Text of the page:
'Anonymous Philippines' on a Hacking Spree

'Anonymous Philippines' on a Hacking Spree  

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MANILA, Philippines – A hacktivist group struck down several government websites Wednesday night in protest against the recently enacted anti-cybercrime law that imposes penalties on hacking, online libel and similar activities.
The hackers replaced the websites with a predominantly black interface, an animated logo and a statement against the Cybercrime Prevention Act of 2012. The group calls the new law "the most notorious act ever witnessed in the cyber-history of the Philippines."
Anonymous Philippines, whose Facebook page boasts over 250 fans, also called the new law's provisions on libel "cunningly deceptive" in implying that everyone can be imprisoned even for their licit online activities.
"It can imprison anyone who commits libel either by written messages, comments, blogs or posts in sites such as Facebook, Twitter or any other comment-spaces of other social media in the Internet," the group claimed, tagging themselves with the lines "We are Legion. We do not forgive. We do not forget. Expect us."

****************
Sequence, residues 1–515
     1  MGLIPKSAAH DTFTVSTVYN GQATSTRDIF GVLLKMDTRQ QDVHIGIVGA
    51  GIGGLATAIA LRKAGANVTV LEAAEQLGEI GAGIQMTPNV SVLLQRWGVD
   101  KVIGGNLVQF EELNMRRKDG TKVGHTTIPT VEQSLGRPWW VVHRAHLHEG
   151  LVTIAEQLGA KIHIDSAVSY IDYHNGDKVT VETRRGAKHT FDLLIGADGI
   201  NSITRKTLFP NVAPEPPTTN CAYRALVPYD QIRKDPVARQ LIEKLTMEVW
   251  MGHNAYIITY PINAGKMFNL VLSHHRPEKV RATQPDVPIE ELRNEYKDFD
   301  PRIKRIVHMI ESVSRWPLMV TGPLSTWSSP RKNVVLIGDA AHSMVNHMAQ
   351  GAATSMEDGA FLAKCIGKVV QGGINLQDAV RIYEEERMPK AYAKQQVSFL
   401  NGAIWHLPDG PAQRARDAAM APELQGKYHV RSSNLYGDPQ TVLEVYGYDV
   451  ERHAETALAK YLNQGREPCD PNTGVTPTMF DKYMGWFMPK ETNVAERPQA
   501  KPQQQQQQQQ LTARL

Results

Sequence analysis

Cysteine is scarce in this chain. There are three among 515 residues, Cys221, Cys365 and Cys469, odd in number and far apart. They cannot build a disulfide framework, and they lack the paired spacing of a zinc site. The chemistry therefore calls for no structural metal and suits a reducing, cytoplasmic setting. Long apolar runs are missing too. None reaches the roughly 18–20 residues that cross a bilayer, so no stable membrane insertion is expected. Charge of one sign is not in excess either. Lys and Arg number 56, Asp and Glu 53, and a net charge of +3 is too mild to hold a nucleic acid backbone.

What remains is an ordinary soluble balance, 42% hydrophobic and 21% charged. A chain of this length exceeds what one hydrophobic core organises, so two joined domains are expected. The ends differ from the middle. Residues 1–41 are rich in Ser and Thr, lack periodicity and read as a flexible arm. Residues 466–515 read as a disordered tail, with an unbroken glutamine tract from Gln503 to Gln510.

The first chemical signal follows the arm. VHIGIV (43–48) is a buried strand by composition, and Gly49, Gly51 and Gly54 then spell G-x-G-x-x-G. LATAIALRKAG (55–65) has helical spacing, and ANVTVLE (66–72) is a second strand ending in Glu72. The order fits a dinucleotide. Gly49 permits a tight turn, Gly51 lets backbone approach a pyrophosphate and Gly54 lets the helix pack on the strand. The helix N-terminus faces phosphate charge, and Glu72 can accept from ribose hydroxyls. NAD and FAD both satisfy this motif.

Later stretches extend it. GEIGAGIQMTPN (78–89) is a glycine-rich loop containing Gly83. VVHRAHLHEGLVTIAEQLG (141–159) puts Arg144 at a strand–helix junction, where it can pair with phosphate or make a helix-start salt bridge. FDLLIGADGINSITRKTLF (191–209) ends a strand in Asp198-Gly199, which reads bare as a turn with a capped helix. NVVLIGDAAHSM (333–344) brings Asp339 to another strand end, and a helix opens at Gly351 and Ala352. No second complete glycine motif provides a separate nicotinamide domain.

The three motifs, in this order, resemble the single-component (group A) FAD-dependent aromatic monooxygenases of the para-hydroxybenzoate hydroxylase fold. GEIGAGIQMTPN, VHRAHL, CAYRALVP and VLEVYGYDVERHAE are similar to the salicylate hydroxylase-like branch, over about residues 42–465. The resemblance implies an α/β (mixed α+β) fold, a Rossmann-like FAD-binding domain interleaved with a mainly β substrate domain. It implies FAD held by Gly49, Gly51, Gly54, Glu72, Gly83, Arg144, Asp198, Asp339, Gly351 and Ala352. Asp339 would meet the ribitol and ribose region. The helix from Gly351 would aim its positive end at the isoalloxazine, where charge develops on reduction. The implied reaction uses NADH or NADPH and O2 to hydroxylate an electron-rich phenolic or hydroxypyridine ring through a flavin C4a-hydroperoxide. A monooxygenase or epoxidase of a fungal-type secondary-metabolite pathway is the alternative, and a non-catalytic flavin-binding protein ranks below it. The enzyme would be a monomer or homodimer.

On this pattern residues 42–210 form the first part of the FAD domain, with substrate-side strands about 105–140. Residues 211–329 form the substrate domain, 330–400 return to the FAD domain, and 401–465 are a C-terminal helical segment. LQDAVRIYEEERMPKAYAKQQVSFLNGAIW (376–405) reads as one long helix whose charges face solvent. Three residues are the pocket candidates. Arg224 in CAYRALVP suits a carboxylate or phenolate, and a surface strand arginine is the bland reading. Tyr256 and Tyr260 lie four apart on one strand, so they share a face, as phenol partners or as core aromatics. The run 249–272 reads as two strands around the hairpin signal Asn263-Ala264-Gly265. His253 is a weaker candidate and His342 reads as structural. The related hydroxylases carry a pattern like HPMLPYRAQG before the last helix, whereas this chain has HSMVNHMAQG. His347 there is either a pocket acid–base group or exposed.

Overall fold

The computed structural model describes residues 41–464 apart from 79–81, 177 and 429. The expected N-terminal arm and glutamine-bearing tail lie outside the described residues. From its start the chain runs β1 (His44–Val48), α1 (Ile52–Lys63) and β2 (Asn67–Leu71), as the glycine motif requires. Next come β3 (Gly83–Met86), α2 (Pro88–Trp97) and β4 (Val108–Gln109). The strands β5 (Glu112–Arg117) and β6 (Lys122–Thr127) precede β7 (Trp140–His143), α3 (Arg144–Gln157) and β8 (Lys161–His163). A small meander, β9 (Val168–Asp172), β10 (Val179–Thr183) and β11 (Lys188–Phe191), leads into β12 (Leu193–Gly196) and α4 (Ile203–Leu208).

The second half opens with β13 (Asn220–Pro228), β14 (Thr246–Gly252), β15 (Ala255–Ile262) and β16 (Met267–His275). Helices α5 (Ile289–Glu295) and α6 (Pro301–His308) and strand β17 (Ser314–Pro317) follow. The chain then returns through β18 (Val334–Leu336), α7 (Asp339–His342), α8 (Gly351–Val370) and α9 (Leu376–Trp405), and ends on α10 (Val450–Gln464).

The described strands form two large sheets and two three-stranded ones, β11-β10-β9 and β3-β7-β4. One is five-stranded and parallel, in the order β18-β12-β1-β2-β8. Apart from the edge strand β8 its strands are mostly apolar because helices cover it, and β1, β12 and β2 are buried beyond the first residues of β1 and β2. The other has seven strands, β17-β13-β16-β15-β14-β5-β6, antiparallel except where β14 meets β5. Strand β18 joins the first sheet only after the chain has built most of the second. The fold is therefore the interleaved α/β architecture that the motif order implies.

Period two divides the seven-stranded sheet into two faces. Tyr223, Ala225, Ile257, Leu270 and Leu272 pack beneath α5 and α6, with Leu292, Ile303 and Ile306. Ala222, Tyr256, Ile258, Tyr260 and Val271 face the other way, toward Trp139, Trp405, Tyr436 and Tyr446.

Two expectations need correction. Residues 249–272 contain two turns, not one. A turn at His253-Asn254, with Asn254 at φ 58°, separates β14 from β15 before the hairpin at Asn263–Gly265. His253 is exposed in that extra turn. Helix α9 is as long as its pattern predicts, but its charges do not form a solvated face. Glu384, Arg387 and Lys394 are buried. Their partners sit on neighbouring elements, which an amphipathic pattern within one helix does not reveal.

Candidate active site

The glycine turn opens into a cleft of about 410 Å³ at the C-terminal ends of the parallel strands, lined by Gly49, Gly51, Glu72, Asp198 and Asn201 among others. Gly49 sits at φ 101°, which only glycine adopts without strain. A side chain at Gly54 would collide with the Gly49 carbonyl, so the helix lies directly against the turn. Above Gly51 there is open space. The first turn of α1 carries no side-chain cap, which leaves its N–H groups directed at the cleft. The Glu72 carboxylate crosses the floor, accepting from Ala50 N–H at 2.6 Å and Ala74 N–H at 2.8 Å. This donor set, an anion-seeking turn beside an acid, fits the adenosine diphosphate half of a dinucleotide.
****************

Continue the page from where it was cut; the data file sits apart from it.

As of posting time, some of the hacked websites have not been restored.
Traditionally, .gov domains are considered the most secure online sites.
'Up and restored'
Certain links at the official website of the BSP remain inaccessible to public hours after the portal was defaced by a group condemning the passage of the anti-cybercrime law..
"As of 2 a.m. today, the website of the (BSP) has been up and running, restored and able to serve the public once again," a statement released on Thursday said.
"The BSP's internal Information Technology Group worked on the immediate restoration of our website after ensuring that our security firewall kept our databse protected," it added.
The BSP website was one of the government portals hacked by Anonymous Philippines in its protest against Republic Act No. 10175 or the Cybercrime Prevention Act, which the group sees as a form of online censorship. A group of journalists on Tuesday filed a stay order petition against the law before the Supreme Court.

However upon checking, despite the website already being restored, certain links to electronic files of BSP issuances and publications remained unavailable.
Recently, the Department of Science and Technology’s Information and Communications Technology Office issued directives to all government system administrators to review their websites’ security to prevent more hacking attacks.
The directive was issued after a series of attacks on government websites at the height of the tense territorial dispute between China and the Philippines over the Panatag Shoal in the West Philippine Sea.


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